Parents: Even if you have one child and you’re doing the bare minimum as a caregiver, your day is 150 times more taxing than mine.

I respect the crap out of parents. But I’m also kind of enjoying life on my side of the fence. You know, the side where, if I get out of bed in the morning, great! And if I don’t, no one starves.

Lately, though, the Mr keeps threatening to destroy the delicate balance of my life.

He wants a baby.

Now, I like babies. A lot. I coo over babies in restaurants. I lunge after baby clothes in stores. I’ve even already named and renamed our pretend children.

So, you’d think I’d be psyched and say, “It’s baby time! Let’s DO IT!” (Not “it” it, but you know, let’s go get us a baby) now that the Mr wants to start a family.

But I can’t be psyched, because I am pathologically afraid of pregnant woman.

I like to call this disorder: PREGNOPHOBIA.

When I find out a friend is expecting or I meet a pregnant woman at a bridal shower, I try to give the appropriate reaction.

In my head, though, the interaction goes a lot more like this:

And I end up having to fake a head injury on the spot just to get away from my own awkward laughter.

For the record, faking a head injury mid-sentence is pretty tough to do, but if you suffer from pregnophobia, too, and you find yourself needing to flee from a pregnant woman, I recommend you squint your eyes and chew on your own tongue a little.

Pregnant women and mothers of the world: Please don’t be offended. It’s not that I dislike you. My own mother was a pregnant woman once–four times actually.

I’m just scared.

I cannot wrap my brain around pregnancy.

When you get pregnant, you are physically afflicted for 40 weeks. Even drinking bleach isn’t that toxic. If you drink bleach, you’re going to get sick or you’re going to die. Either way, though, I have to believe it runs its course pretty quickly.

But 40 weeks! That is a long time. And the whole time, there’s all kinds of CRAZY stuff going on in there.

And I know this, because pregnant women don’t spare you the details of their pregnancies. They want to tell you about seeing the baby’s limbs as they get farther along. Hands and feet apparently move across the belly, and you can see them through the skin!

The pregnant women I have talked LOVE THIS! But all I can think when they tell me about this is: THERE IS SOMETHING TRAPPED INSIDE OF YOU AND IT IS ALIVE!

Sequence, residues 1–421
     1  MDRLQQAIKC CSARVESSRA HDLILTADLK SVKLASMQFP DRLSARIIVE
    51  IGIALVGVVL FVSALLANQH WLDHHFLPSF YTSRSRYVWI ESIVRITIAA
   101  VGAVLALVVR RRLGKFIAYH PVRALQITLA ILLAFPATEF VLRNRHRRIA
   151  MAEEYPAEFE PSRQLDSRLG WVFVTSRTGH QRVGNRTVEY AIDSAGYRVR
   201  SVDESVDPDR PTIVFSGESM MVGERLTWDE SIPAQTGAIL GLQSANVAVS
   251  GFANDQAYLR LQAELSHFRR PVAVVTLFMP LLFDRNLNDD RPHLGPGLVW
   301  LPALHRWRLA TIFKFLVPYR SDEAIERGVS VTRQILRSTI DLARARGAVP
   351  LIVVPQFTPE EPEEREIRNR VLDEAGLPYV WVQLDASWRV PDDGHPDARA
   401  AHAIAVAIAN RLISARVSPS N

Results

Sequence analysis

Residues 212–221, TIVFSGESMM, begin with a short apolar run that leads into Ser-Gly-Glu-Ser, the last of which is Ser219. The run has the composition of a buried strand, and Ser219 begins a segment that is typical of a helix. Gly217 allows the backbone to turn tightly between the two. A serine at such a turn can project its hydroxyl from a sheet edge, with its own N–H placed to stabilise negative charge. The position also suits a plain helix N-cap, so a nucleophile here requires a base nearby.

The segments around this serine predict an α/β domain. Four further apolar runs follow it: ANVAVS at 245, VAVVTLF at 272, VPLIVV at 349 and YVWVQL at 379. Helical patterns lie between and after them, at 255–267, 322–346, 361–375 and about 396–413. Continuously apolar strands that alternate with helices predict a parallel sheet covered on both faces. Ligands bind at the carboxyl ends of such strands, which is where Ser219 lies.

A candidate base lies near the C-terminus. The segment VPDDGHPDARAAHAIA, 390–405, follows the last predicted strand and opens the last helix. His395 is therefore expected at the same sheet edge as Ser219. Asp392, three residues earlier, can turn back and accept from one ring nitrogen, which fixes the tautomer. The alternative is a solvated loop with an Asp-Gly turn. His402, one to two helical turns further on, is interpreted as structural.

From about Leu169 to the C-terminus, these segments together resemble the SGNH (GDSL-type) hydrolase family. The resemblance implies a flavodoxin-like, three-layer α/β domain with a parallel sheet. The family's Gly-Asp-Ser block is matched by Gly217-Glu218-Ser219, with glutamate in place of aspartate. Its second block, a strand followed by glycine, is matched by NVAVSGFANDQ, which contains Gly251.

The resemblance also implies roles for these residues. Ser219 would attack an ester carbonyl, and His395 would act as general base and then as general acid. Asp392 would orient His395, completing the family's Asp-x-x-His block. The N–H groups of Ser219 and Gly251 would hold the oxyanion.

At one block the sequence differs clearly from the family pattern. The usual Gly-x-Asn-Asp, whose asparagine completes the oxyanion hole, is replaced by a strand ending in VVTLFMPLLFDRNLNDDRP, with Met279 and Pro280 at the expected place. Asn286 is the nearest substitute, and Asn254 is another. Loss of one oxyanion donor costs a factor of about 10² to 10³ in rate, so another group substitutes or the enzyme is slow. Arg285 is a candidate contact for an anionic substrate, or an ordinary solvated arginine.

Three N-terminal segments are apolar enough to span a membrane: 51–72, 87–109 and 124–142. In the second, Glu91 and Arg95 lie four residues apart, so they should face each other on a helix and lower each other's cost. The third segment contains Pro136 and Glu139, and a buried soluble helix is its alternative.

And in my case, it probably won’t be a baby. With my luck, this thing will be trapped inside of my uterus for 10 months:


I will probably be the first woman in history to be pregnant with a web-footed T-Rex.

But growing a dinosaur inside of my body, while uncomfortable and frightening, isn’t even the part that scares me so much I might pass out.

Because after a baby wanders around inside of you for 10 months, changing your body and eating your food and sometimes making you sick, THEN you have to deliver the baby (or the T-Rex, in my case.)

I have been so afraid of this process for so long that it has taken on a life of it’s own in my imagination.

Sure, I’ve seen flashes of delivery scenes in movies, but I’ve never actually been there for all of the 648 hours that it takes to make a delivery happen. And assuming I do deliver a T-Rex with webbed feet, it’s going to take some heavy-duty equipment to get that thing out.

And whether you deliver a dinosaur or a human baby, here’s what I’m pretty sure happens during delivery:

And it takes three shaman and unicorn tears to bring you back to life.

And then, I imagine, you have to be sworn to secrecy or your memory is erased or something, so that other women won’t find out about what happens in that delivery room. I know my friends’ memories have been tampered with, because after their babies are born, their descriptions of the delivery are always pretty vague. Like “Oh, I was in labor for forever” or “They had to sew me back together.”

But as I think my drawings have shown, I have a pretty firm grasp of what’s going on, and I will not be fooled by their efforts to downplay the delivery situation.

I’ve tried to explain all of this to the Mr, but he is not impressed with my pregnophobia. He keeps trying to sooth away my fears by saying, “Hey, it’ll be OK. I’ll be there”

REALLY, MR? I’m going to grow a human/possible dinosaur in my body for 10 months, and you’re going to “be there.” Pfft.

Needless to say we’ve reached a bit of a stalemate for the time being. I’m not throwing away my birth control this month. But I feel certain that the 21st Century household has been contaminated with full-blown baby fever.

Sometimes, I even think the fever is overtaking my pregnophobia.

And even though I try not to take it personally when I pass pregnant women in the grocery store, I feel like these women know my house is infected with the fever and that I am weakened by the sickness. Because every now and then, just for a second, I’m sure they are staring at me, and I can feel them willing me to join them. I think pregnant women know their bellies are load weapons–full of babies!–to a girl struggling with baby fever. And ever so softly I can hear them telling me to cast my pregnophobia aside. And I want to yell, “Hey! Don’t point that baby at me!”